With France facing a resurgence of the epidemic and extended health restrictions, the government is postponing the reduction of the partial activity reimbursement rate to help companies affected by the crisis.

At the moment, the government can only adjust the level of compensation until June 30, 2021. However, an extension until December 31, 2021, is under discussion.[1]

I. Compensation for employers and employees depending on a company’s situation

  1. 100% coverage until June 30, 2021, for the most struggling companies

Companies that can benefit from this extended compensation are:

  • Companies serving the public that are totally or partially closed
  • Companies subject to local health restrictions that are suffering a loss of turnover of at least 60%
  • Companies located in ski resorts that are suffering a loss of turnover of at least 50%
  • Companies in protected sectors that are suffering a loss of turnover of at least 80%[2]

Coverage of 100% will continue to apply for these companies until June 30, 2021.[3]

  • Employer compensation

The compensation rate is set at 70% of the gross reference remuneration, within the limit of 70% of the 4.5 minimum wage (French “SMIC”).

The general case rates set at 36% will apply from July 1, 2021.

  • Employee compensation

For employees of companies struggling the most, the indemnity remains calculated at a rate of 70% until June 30, 2021. As of July 1, 2021, these employees will switch to the general case, with the indemnity calculated at a rate of 60%.[4]

  1. 100% coverage extended for protected sectors

Protected sectors are those that are most affected by the crisis. They are listed along with related sectors in the appendices of a decree dated June 29, 2020.[5]

  • Employer compensation

For companies in protected sectors, the 100% coverage ends on March 1, 2021, with a decrease in the allocation rate from 70% to 60%. This measure also applies to related sectors, provided that a company’s loss of turnover is of at least 80%.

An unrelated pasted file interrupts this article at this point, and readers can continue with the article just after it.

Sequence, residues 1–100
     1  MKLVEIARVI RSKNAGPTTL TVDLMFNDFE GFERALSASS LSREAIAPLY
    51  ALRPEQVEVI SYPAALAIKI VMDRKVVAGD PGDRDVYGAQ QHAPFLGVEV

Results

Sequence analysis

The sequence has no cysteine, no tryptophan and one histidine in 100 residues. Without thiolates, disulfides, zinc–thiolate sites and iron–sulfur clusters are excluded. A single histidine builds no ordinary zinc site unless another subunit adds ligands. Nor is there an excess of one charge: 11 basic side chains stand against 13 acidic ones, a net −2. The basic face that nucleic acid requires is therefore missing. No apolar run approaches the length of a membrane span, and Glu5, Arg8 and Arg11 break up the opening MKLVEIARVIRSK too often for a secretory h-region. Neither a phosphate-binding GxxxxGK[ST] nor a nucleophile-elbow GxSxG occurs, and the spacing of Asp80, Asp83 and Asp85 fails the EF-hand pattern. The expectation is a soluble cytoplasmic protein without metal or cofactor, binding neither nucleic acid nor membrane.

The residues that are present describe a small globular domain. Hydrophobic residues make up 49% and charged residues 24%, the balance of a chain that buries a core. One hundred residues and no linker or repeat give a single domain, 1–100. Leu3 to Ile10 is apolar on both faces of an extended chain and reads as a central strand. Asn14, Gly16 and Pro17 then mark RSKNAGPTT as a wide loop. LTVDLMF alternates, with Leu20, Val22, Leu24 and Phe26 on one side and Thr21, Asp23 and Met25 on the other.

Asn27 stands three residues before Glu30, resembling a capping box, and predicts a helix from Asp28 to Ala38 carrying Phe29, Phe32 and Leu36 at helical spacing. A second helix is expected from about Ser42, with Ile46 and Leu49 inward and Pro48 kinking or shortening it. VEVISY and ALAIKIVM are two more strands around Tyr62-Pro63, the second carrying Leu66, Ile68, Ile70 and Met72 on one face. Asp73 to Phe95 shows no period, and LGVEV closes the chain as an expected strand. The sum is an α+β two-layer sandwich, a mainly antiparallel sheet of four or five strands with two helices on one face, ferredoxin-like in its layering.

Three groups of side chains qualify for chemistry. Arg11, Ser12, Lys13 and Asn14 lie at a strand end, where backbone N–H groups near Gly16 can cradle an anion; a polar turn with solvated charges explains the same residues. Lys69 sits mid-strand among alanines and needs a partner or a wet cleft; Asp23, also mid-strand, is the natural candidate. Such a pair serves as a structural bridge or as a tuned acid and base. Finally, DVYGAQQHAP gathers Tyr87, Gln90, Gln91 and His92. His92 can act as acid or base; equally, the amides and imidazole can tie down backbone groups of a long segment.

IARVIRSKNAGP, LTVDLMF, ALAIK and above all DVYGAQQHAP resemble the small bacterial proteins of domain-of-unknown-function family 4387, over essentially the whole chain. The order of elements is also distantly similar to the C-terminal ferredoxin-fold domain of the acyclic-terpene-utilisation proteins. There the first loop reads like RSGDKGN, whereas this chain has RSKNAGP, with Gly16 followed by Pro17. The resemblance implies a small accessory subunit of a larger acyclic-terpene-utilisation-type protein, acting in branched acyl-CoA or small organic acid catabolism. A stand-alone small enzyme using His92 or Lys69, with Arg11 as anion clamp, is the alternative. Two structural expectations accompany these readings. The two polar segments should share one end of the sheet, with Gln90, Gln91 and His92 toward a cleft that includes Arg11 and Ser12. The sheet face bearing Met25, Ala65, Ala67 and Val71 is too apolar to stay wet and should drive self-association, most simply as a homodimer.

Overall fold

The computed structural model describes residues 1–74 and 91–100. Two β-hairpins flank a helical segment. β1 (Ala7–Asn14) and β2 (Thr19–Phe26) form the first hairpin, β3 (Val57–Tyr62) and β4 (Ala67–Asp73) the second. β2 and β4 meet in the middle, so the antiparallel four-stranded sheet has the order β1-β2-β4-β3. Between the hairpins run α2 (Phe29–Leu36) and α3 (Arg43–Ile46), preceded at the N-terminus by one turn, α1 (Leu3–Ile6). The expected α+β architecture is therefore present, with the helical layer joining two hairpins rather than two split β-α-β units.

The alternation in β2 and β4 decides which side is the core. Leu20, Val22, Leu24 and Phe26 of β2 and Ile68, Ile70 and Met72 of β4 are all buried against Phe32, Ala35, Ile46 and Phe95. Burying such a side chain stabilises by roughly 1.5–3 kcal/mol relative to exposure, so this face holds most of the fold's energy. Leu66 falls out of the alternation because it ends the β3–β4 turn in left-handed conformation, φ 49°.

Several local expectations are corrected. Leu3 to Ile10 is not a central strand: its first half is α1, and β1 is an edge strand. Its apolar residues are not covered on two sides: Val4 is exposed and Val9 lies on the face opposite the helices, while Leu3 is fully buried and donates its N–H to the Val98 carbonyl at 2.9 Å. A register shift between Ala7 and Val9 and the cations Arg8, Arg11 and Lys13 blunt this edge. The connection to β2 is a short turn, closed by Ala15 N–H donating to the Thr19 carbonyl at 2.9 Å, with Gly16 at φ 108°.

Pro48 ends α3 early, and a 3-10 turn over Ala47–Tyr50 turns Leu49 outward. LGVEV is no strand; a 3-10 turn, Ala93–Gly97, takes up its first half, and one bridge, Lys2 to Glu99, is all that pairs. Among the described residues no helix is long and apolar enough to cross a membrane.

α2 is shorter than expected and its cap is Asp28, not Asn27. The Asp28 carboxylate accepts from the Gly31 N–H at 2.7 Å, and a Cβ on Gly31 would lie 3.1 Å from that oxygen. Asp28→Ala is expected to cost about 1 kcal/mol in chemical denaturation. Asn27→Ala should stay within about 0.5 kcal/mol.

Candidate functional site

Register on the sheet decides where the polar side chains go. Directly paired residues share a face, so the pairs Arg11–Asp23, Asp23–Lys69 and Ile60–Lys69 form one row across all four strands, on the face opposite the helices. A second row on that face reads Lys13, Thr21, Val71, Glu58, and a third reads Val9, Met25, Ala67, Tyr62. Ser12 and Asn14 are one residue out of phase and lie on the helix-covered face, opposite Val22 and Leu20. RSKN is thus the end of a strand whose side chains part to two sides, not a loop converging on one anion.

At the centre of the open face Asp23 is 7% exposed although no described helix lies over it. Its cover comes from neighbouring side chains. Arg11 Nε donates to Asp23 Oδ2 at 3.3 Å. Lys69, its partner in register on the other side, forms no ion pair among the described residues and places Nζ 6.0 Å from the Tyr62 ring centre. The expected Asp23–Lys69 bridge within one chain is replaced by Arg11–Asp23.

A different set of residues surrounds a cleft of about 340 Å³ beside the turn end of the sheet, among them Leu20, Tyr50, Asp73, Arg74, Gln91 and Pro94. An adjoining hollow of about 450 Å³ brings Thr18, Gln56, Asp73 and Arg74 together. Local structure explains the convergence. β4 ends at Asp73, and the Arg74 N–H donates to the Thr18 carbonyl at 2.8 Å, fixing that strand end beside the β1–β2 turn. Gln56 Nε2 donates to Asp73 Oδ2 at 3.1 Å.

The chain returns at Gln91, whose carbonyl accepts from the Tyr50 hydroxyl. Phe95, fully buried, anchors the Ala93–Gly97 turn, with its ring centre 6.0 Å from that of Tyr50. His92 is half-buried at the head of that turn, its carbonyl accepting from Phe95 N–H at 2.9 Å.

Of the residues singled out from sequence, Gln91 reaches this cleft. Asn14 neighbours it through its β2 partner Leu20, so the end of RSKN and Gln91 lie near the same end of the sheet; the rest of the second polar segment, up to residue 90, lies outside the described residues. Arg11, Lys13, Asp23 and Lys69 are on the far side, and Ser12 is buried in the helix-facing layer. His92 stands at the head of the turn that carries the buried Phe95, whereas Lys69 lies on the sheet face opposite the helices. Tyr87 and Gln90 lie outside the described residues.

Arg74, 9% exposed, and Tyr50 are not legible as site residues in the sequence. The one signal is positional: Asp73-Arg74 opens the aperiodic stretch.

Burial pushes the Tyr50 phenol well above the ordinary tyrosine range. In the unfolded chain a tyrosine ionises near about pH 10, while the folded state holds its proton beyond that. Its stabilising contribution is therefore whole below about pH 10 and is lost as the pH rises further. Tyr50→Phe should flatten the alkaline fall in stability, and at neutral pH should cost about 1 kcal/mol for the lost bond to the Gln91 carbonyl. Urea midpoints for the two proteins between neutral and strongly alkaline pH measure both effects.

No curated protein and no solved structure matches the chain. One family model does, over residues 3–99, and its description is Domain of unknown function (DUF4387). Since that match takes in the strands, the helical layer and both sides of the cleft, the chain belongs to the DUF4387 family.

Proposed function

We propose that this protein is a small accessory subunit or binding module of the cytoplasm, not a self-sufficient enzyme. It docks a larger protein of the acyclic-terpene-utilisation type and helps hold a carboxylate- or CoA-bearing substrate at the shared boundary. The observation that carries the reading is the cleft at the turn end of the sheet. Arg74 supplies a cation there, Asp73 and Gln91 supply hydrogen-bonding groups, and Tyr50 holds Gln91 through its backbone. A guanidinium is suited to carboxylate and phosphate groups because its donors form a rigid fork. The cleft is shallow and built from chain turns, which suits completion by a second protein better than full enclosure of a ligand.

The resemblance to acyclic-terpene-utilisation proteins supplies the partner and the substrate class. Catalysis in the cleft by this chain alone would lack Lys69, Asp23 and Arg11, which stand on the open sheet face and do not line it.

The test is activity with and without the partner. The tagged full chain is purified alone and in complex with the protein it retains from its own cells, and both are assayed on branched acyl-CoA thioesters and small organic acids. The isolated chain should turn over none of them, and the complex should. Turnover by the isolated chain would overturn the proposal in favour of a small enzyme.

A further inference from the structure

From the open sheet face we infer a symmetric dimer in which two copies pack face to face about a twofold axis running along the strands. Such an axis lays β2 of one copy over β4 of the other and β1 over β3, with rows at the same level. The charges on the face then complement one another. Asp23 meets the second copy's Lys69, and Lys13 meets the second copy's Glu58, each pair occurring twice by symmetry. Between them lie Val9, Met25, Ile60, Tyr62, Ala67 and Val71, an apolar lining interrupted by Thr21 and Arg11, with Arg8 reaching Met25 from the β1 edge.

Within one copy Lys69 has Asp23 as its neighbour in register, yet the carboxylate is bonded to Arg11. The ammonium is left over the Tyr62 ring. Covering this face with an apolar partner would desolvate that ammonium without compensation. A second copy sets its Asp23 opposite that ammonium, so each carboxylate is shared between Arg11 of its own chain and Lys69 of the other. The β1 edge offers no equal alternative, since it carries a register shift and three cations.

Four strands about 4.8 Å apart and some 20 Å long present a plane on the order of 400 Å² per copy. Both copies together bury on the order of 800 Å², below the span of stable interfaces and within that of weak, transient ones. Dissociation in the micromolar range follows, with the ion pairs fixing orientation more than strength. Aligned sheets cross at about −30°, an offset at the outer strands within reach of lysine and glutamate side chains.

The 60% rate will apply from March 1 to March 31, 2021, reducing to 36% from April 1, 2021.

  • Employee compensation

The indemnity remains calculated at a rate of 70% until March 31, 2021. As of April 1, 2021, these employees will switch to the general case, with the indemnity calculated at a rate of 60%.[6]

  1. General case: rate reduction deferred to March 1, 2021

If a company is not in one of the above-mentioned cases, the general case scenario with lower compensation applies.

  • Employer compensation

The decrease in the level of reimbursement to employers has been further delayed, and will only apply as of March 1, 2021. From this date, the rate of the partial activity allowance will be reduced from 60% to 36% for companies in the general case category.

  • Employee compensation

As of March 1, 2021, the rate of the partial activity allowance and the limit on the employees’ allowance at their usual net salary will be reduced from 70% to 60%.

The 4.5 SMIC limit on the reference hourly rate used to calculate the allowance became effective on January 1, 2021.

  1. Long-term partial activity scheme (French “APLD”) – an alternative to the common law scheme with a counterpart

In order to benefit from better compensation, companies can implement the so-called long-term partial activity scheme (APLD). Its rates are intended to last until the end of this temporary arrangement, on June 30, 2022.

  • Employer compensation and its counterpart

An employer can receive compensation of 60%, within the limit of 60% of the 4.5 minimum wage. When the rate increased to 70% is applicable within the framework of the common law scheme, it must also be applied to APLD.